Clients will need a new kind of career decision-making approach for the future and for today. This approach may best be guided by a decision-making perspective also from the past. H.B. Gelatt (1989) coined the term Positive Uncertainty for his philosophical approach to creative decision-making. He stated the most essential skill any client can have is open-mindedness. This allows them to become as capable of change as the job market. Gelatt (1989) wrote, “Changing one's mind will be an essential decision-making skill in the future. . . . Positive uncertainty helps clients deal with ambiguity, accept inconsistency, and utilize the intuitive side of choosing” (p. 252).
Gelatt (1992) also stated there are four factors that can be used to guide clients in making [career] decisions. These include: 1) What you want, 2) What you know, 3) What you believe, and 4) What you do.
It’s important to use positive attitudes and factors to provide flexibility and balance. It does so by combining the . . . left-brain approach with the . . . right-brain approach into an ambiguous, paradoxical set of principles for planning and deciding. (Gelatt, 1992, para. 11)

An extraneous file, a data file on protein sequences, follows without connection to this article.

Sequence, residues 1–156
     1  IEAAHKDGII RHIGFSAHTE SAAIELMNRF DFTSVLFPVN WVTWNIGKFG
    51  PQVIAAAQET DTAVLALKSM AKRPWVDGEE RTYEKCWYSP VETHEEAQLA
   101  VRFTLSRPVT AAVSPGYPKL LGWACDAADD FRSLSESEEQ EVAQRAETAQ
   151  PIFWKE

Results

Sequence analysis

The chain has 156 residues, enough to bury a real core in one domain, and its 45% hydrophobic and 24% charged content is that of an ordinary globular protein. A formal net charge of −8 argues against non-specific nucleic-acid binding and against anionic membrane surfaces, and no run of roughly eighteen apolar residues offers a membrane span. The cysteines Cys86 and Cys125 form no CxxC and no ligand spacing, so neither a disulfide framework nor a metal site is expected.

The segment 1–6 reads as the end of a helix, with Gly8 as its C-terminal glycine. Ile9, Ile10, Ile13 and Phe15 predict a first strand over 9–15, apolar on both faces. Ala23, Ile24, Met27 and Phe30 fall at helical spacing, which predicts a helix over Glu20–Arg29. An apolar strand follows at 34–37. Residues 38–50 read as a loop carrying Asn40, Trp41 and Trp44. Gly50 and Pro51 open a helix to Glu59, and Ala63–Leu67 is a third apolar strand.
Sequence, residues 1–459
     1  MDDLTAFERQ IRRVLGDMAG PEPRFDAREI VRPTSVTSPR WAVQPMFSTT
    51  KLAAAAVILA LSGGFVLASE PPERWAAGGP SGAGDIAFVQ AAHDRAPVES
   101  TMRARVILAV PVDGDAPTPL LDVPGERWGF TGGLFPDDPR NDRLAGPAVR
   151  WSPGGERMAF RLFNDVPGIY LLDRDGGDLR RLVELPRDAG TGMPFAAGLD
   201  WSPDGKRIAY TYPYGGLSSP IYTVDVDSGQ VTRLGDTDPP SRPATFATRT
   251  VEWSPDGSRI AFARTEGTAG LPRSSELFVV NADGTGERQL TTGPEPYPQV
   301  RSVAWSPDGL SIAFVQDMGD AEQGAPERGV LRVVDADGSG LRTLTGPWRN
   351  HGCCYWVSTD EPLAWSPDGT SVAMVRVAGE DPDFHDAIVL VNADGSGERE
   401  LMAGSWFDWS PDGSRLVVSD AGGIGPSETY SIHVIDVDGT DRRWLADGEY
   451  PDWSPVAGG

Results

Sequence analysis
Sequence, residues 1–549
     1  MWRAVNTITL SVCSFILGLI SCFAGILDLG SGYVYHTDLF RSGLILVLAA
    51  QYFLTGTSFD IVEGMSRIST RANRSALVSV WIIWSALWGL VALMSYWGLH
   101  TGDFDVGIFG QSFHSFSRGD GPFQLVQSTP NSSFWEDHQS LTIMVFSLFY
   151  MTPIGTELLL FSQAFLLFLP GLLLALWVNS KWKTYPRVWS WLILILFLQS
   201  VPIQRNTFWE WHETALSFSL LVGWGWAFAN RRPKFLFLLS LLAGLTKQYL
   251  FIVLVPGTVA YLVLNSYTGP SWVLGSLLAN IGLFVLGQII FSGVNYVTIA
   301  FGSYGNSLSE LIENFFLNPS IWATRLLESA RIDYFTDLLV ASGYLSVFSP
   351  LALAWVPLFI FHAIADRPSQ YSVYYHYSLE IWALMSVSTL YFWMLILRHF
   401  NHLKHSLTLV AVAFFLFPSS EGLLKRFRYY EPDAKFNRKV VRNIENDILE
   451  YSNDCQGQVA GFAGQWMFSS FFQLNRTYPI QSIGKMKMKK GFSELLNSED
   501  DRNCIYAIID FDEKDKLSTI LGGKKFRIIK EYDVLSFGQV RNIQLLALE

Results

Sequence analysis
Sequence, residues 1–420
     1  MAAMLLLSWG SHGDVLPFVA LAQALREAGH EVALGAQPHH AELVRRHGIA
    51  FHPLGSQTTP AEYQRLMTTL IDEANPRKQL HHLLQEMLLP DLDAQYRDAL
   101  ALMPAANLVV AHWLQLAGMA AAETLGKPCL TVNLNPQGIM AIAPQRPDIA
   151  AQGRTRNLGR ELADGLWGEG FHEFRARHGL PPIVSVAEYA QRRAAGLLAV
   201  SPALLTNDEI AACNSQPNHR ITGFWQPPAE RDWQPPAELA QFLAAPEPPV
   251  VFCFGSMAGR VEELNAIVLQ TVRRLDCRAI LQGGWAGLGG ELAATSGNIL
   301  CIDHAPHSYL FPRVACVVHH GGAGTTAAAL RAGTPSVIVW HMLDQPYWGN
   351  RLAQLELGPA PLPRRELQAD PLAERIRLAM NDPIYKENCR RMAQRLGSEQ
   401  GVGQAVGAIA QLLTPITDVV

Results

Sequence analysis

Gelatt’s (2003) Scenario Rehearsal Exercise can help clients make career decisions. This requires envisioning detailed possible outcomes, imagining the most desirable and the least desirable ones, as well as the outcome clients predict will happen a year from now. Gelatt (2003, pg. 103) wrote, “Describe the scenario in the present tense rather than past tense (e.g., “I am doing this” rather than “I was doing this.”) . . . If you can imagine something happening, you increase your chances of creating it or preventing it.”